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Online program, eBird, puts birding in real time

300 dpi color Camille Webber illustration of a northern cardinal, a bird common to the midwestern U.S. Lexington Herald-Leader 2007

krtenvironment environment, krtnational national, krtnature nature, krtworld world, krtfeatures features, krt, mctillustration, bird, northern cardinal, head, webber, lx contributed, krtdiversity diversity, youth, 2007, krt2007,
300 dpi color Camille Webber illustration of a northern cardinal, a bird common to the midwestern U.S. Lexington Herald-Leader 2007 krtenvironment environment, krtnational national, krtnature nature, krtworld world, krtfeatures features, krt, mctillustration, bird, northern cardinal, head, webber, lx contributed, krtdiversity diversity, youth, 2007, krt2007, MCT

EBird — a real-time online checklist program that has modernized the way that bird-watchers report and access information about birds — is offering viewers a chance to try birding and win some goodies in the process.

Enter checklists into the eBird online database — EBird.org — and you have a chance to win an iPod Touch and a free download of the BirdsEye bird-locator application.

BirdsEye is the iPhone app that uses eBird to help you find the birds you want to see. It's not a traditional field guide for identification. Instead, it tells you where birders are seeing birds, using eBird data that's frequently updated.

BirdsEye has information about 857 species in North America, including eBird sightings; sounds from the Macaulay Library; photographs from VIREO, an image database; and birding-finding tips from Kenn Kaufman, author of Kaufman Field Guides.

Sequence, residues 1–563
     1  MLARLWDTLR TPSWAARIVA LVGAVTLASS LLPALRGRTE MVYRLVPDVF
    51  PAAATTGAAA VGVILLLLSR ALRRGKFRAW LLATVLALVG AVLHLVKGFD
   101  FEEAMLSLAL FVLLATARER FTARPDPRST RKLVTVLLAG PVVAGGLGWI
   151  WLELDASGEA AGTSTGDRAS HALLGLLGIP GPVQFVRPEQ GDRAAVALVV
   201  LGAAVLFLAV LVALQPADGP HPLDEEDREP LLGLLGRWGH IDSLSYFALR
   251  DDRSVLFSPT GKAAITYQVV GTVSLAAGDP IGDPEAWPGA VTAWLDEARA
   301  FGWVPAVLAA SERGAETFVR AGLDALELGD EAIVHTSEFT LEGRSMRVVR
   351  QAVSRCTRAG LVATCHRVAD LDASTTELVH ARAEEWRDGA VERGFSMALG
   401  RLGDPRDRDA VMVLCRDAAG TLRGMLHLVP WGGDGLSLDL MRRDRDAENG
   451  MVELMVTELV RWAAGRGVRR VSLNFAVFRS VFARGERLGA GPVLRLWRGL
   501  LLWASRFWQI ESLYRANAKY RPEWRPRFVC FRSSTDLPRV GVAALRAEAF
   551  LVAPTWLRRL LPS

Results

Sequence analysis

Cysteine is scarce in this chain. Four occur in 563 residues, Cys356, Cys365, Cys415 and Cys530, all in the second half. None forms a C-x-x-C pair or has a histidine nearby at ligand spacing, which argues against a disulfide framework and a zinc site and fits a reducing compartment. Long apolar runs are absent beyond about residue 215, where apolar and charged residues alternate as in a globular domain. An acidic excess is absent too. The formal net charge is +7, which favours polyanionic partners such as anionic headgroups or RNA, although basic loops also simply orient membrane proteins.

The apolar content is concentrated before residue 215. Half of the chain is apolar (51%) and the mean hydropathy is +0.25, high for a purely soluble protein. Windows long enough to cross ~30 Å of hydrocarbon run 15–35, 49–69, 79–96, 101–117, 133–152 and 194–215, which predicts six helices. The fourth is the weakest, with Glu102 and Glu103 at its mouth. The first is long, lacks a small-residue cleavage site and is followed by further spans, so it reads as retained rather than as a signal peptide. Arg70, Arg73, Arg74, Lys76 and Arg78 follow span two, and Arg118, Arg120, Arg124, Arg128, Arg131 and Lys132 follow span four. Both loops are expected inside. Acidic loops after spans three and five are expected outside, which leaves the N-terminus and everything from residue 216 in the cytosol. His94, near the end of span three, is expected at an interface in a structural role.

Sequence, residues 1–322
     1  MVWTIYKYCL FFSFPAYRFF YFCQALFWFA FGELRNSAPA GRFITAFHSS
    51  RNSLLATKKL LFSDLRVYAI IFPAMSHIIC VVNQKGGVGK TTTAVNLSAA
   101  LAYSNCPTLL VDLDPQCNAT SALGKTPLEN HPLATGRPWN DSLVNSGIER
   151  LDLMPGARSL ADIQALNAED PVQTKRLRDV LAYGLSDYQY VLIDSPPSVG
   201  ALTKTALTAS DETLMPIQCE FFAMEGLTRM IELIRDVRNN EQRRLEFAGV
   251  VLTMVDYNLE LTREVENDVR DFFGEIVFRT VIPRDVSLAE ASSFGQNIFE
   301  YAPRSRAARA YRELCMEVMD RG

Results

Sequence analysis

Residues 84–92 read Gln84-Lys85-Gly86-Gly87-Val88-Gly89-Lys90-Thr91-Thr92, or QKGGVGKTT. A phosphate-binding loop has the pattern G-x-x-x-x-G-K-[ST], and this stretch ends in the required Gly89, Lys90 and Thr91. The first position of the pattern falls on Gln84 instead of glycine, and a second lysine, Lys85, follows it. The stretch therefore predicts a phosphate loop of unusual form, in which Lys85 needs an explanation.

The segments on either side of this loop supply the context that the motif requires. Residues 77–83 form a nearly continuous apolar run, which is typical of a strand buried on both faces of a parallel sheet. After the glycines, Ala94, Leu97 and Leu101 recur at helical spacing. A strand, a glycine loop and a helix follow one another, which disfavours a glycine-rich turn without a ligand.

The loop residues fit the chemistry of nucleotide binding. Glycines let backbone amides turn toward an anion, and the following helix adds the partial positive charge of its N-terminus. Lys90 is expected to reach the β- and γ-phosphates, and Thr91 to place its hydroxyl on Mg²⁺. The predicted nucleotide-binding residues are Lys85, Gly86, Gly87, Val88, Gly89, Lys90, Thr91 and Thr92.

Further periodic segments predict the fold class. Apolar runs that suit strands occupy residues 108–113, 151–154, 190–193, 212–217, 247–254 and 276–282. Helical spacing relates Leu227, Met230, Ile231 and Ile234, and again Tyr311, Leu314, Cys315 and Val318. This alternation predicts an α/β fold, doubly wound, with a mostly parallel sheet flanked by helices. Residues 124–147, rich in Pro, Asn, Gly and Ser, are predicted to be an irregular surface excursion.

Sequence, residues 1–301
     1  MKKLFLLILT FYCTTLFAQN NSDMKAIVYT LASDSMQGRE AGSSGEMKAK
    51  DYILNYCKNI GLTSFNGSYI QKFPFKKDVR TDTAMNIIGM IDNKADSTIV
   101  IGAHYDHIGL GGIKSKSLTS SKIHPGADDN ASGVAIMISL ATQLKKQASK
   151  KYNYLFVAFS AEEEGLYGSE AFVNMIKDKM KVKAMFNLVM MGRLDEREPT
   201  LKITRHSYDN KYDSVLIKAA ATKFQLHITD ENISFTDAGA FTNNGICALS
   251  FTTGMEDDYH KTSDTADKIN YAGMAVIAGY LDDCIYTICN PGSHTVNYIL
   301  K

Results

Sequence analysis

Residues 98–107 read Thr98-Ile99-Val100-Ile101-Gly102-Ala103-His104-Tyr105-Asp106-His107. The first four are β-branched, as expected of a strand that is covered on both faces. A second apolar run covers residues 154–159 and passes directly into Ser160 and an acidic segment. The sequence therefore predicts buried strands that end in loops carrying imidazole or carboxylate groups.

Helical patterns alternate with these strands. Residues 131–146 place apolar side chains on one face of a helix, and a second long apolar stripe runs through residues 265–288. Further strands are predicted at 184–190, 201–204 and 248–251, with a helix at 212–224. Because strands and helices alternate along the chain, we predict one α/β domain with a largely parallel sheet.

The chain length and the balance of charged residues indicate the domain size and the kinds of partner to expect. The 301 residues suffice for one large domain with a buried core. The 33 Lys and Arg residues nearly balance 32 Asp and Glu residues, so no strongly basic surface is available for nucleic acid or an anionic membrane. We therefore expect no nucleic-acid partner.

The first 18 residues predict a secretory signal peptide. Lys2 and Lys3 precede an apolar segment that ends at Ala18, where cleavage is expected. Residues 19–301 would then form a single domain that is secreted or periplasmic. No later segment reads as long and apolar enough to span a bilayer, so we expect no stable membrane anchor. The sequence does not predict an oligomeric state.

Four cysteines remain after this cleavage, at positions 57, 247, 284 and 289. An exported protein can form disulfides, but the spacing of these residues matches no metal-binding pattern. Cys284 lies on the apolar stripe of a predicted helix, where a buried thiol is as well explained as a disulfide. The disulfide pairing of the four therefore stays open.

BirdsEye also has a little brother called BirdsEye Lite. Designed for beginning birders, BirdsEye Lite features information about 135 species that are easy to find in North America north of Mexico.

Designed for use on the Apple iPhone and iPod touch, BirdsEye and BirdsEye Lite are available on the App Store. BirdsEye Lite sells for $1.99 and BirdsEye sells for $19.99.

The contest runs through Sept. 6. Anyone who signs up at EBird.org — it's free — and submits at least one checklist during the three-week period will be entered in a drawing for the touch device and a free BirdsEye download. Five runners-up will get a free app download.

The BirdsEye Lite and BirdsEye apps were developed by Birds in the Hand LLC of Virginia. They combine content from the Cornell Lab of Ornithology, the Academy of Natural Sciences and author Kenn Kaufman.

A portion of sales goes to the Cornell Lab of Ornithology to help support research, education and citizen-science projects focused on birds, and to the Academy of Natural Sciences to support VIREO, the world's largest collection of bird photographs.

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